# Origin of the term "field" (in "vector field")

I am reposting a thread from "physics stack exchange" : I was wondering - Why do we use the word "field" to describe a vector field? i.e., a field is "an expanse of open or cleared ground, especially a piece of land suitable or used for pasture or tillage" (from dictionary.com). So, why historically this was the name chosen for the description of a function $$F:\mathbb{R}^n \to \mathbb{R}^n$$?

Thank you!

• "Historically" this is the ultimate generalization , so it has to have some prehistory: a field was a piece of land most likely belonging to someone, that is, some entity exercised a force - ownership - over it. Trying to avoid actions at distance fields were introduced in physics for this analogy; originally it was a "force field", later conceived as a vector field. Commented Jun 16, 2021 at 16:51
• Isn't a Field in maths a collection f 'entities; which have certain behaviours and properties under some operation. Fields are associative and commutative, and have identity elements and inverses. Forex. R is a Field under + and x; Z is a field under + but not x. I always thought a vector field was a field in tat sense Commented Jun 16, 2021 at 17:06
• Thank you both for your suggestions! Commented Jun 18, 2021 at 6:49
• I would be surprised if the English terminology was not copied from the German. Commented Jun 18, 2021 at 22:40
• Field (algebra) is an article in wikipedia with a historical section; See also jeff560.tripod.com/f.html "E. Moore (1862-1932) was apparently the first person to use the English word field". The algebraic sense appears to be totally disconnected from the physical one. Commented Jun 20, 2021 at 20:24

From Mathword "Earliest Known Uses of Some of the Words of Mathematics"

VECTOR FIELD is found in 1905 in “The Present Problems of Geometry” by Dr. Edward Kasner in Congress of Arts and Science, Universal Exposition, St. Louis, 1904: “The vector field deserves to be introduced as a standard form into geometry.”

We could investigate whether this was before or after the corresponding terms in physics, like "magnetic field".

• Thank you for your input! Commented Jun 18, 2021 at 6:50

Consider a magnet. By playing around with it for a short time, you'll observe that the magnet exerts an influence on other magnetic objects, which is stronger when they're closer. This influence is outside the physical body of the magnet itself - it extends into the space around it, whether that space is occupied or not. We can form a concept of the magnetic field, and assign a quantity of some kind to different points in space, representing the strength and direction of the attraction.

In a similar way, by looking closely at the sun and the planets, we can theorize that they exert a force on each other, which extends out into the empty space between. (We might, or might not, imagine that the force is carried by some substance called "the aether", but in any case we have a way to assign a quantity to each point in space.) This is a gravitational field.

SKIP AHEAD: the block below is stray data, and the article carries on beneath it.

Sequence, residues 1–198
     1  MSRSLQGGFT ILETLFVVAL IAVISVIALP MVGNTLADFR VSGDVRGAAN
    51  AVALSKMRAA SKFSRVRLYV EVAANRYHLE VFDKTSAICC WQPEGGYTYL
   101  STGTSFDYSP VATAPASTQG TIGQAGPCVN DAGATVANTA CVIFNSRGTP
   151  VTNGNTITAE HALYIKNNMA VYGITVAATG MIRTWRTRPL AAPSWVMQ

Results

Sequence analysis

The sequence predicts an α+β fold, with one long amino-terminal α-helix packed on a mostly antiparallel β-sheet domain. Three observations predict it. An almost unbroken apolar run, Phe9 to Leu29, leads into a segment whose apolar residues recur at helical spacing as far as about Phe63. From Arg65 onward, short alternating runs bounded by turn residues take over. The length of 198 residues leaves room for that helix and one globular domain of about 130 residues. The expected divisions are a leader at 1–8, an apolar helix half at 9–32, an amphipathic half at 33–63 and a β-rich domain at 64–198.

Again, considering water flowing in a pipe, you can assign a speed and direction to each tiny bit of water, as Leonhard Euler did in his work on hydrodynamics (Mechanica sive motus scientia analytice exposita, 1736).

The mathematical formulation of a vector field is a way of giving formal structure to these notions. The term field was used before the formalization of vector field, scalar field, etc., to talk about the area of influence around a body. It took some time to develop the unified mathematical theory, and to sort out various competing notions of what was going on physically - so people like Kepler or Newton might not have had the same mental picture as we do in modern times. But there was certainly some understanding of bodies exerting a sort of influence on the surrounding space, even if a particular bit of that space is not occupied.

One of the critical papers for this development is Maxwell's paper On physical lines of force (1861). He spends some time talking about scattering iron filings near a magnet to see that they form lines, and trying to justify from similar observations that it is right to model magnetism by giving a magnitude and a direction (i.e., a vector) for each point surrounding the magnetic object. Later in the paper, he mentions "a field of magnetic force such as that of the earth", and generally "the magnetic field". What he's doing here is giving a new mathematical intepretation (in modern words, a vector field) of the intuitive concept that magnets have a field of influence around them.

The English word field is suitable for the intuitive concept, because of its sense as a marked-off physical area that's dedicated for some common reason - in agriculture, or as a battlefield, that kind of thing. Its abstract meanings, as in "a field of study", are also well-established. So it's a plausible term for the area of influence. In other European languages we use similar words; German Feld, French champ, Italian campo, Russian поле.